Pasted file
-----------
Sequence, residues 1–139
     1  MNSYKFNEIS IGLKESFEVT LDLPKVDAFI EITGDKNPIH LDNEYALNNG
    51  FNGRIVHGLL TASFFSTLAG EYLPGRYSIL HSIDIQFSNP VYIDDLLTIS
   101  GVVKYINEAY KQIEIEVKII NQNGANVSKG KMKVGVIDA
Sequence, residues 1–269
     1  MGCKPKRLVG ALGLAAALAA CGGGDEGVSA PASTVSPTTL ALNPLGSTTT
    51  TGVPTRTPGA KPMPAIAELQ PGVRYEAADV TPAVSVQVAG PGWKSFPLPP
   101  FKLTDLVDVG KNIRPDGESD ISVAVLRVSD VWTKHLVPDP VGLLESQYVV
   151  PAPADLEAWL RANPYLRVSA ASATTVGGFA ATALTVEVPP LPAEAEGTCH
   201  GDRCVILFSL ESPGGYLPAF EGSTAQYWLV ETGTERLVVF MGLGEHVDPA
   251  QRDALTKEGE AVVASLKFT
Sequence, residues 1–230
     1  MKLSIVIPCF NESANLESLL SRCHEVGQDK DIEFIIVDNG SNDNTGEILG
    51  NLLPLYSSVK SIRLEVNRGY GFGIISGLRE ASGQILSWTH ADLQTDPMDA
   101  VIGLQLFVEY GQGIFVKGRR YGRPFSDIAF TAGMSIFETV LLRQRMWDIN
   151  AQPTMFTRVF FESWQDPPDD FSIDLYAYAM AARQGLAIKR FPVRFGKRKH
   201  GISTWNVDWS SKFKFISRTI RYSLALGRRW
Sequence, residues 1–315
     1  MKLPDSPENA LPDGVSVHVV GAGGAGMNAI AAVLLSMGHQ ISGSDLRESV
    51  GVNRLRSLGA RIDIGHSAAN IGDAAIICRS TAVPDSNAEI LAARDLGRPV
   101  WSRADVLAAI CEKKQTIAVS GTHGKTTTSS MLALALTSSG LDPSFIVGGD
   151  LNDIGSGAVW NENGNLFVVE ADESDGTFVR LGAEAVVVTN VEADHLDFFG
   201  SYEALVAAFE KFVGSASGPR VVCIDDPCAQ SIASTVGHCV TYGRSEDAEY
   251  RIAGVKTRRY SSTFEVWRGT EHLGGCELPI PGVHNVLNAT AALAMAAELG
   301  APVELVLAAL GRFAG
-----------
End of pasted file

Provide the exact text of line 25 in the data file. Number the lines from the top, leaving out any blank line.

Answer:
   301  APVELVLAAL GRFAG